From Turin - Cheese and wine, cigarettes and coffee, Kappa and Italian football; some things are just meant to go together.
Kappa and Calcio are synonymous with one another, with the brand part of the fabric of the Italian game, and the Italian game quite literally stitched into the fabric of each Kappa piece.
We at 90min's The Switch were fortunate enough to be invited to the city of Turin, nestled in the Italian Alps and home of Juventus (and Torino), to celebrate the 20th anniversary of the brand's most iconic shirt: The Kappa Kombat 2000.
Donned by the Italy team that reached the final of Euro 2000, the skin-tight fit revolutionised football kit design, and it has since been replicated by the likes of adidas and Puma at both club and international level. The strip was a thing of beauty, in a lighter shade of blue and simply adorned with the nation's crest and the player's shirt number on the front, while the Kappa branding was kept to the sleeves in a subtle touch.
Kappa Kombat 2000 designer Emanuele Ostini
The elasticity of the shirt gave the attacker the advantage, offering 50cm of stretch to give them that extra yard. Over the past 20 years, the design has famously been replicated for the likes of Roma, Napoli and AJ Auxerre.
Kappa marked the occasion with mid-season drops for the likes of Aston Villa, Real Betis and Monaco earlier in February, alongside retro-style tracksuits modelled by the clubs' academy players.
Former Kappa designer and now global brand manager Emanuele Ostini was the genius behind the Kombat 2000 design, and he took some time out to speak to The Switch at the event.
For you, what is the most iconic Kappa Kombat jersey?
"For me, Kombat 2000. We saw last week that Monaco used this jersey after 20 years. 20 years it's again a really perfect soccer jersey
What do you think will be the next innovation in football technology and for Kappa?
We work a lot, two or three years ago Napoli used the 'Kombat skin' technology and also the Burkina Faso national team. We're trying to work year by year to improve it. It is not easy, every year the rules change. But now the concept is fixed and we try to improve year by year.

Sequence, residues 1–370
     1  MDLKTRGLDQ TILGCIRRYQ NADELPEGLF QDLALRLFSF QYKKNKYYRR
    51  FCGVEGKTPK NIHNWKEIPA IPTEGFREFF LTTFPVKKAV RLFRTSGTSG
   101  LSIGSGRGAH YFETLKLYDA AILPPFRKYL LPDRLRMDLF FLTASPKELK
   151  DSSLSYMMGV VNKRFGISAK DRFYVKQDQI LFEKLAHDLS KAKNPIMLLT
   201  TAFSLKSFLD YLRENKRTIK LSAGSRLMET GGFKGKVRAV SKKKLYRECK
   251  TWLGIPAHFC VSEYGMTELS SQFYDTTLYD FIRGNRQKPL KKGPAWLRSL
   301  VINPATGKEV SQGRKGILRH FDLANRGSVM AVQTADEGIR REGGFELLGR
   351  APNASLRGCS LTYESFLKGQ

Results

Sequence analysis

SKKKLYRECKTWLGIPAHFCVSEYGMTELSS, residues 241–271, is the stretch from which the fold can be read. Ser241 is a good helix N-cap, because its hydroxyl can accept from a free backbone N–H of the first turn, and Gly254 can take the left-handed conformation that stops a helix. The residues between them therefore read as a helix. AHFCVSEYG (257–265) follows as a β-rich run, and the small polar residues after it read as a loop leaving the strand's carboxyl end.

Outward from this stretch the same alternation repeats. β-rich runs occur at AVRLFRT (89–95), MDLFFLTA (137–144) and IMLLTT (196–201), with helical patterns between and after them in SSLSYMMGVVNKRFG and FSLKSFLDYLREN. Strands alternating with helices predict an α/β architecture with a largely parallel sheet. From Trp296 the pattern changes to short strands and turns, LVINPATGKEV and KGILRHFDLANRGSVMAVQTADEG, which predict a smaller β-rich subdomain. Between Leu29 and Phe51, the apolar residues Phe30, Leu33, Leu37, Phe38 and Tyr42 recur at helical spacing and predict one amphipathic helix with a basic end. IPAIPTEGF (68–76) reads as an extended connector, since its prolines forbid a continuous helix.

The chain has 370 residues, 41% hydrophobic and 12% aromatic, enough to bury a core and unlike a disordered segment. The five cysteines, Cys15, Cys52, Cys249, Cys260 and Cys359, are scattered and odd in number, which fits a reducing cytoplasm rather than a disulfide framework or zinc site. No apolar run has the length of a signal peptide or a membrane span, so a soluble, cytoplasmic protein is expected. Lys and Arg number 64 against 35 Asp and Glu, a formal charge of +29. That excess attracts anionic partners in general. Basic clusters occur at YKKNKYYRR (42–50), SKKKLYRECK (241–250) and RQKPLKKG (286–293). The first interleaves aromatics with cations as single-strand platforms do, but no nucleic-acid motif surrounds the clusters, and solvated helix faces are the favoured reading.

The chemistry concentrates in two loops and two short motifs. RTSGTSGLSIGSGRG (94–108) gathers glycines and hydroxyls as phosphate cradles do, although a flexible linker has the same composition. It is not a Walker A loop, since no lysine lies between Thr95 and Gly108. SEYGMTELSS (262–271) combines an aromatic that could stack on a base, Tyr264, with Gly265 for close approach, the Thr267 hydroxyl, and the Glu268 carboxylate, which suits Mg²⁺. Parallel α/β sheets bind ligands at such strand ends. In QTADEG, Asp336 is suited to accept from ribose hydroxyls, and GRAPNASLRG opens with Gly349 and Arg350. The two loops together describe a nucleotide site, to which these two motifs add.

"I am very happy because we have taken again Monaco in France, Real Betis in Spain and Panathinaikos in Greece which is a new team that is a part of our story."
Being from Turin, would you like to make Juventus' kits again one day?
"I spent eight, nine years of my life with Juventus. I remember by first meeting with Juve I was 21 years old, and with Barcelona, so I spent a long time working with Juventus. But Juventus for us at this moment, they are on another level [laughs].
"Our two main competitors Nike and adidas at this moment are on another level, so we work day by day to take our position. But we are happy, I don't know exactly we are about fifth, sixth position around the world.
"The brand is very strong, we are global, the brand is growing very well, very strong in South America and in Asia, finally we are also in the USA."
Who came up with the idea of the 'Kombat skin'?
"The 'Kombat skin' with the seamless technology, the first prototype was 15 years ago, it was the same machine that produced socks. When I tried to create the first prototype the problem was that the machines available on the market had a maximum size for a three-year-old.
"The 'Kombat skin' is the extreme situation, I saw that for so many players it was a psychological approach."
Did you make the shirt to help the players or the referee?
"First and foremost, it's for the player. Because in the end it's the player that plays soccer. Sure, that it's also important to consider the referee in certain situations, but our first mission is to help the players, to help the athletes."
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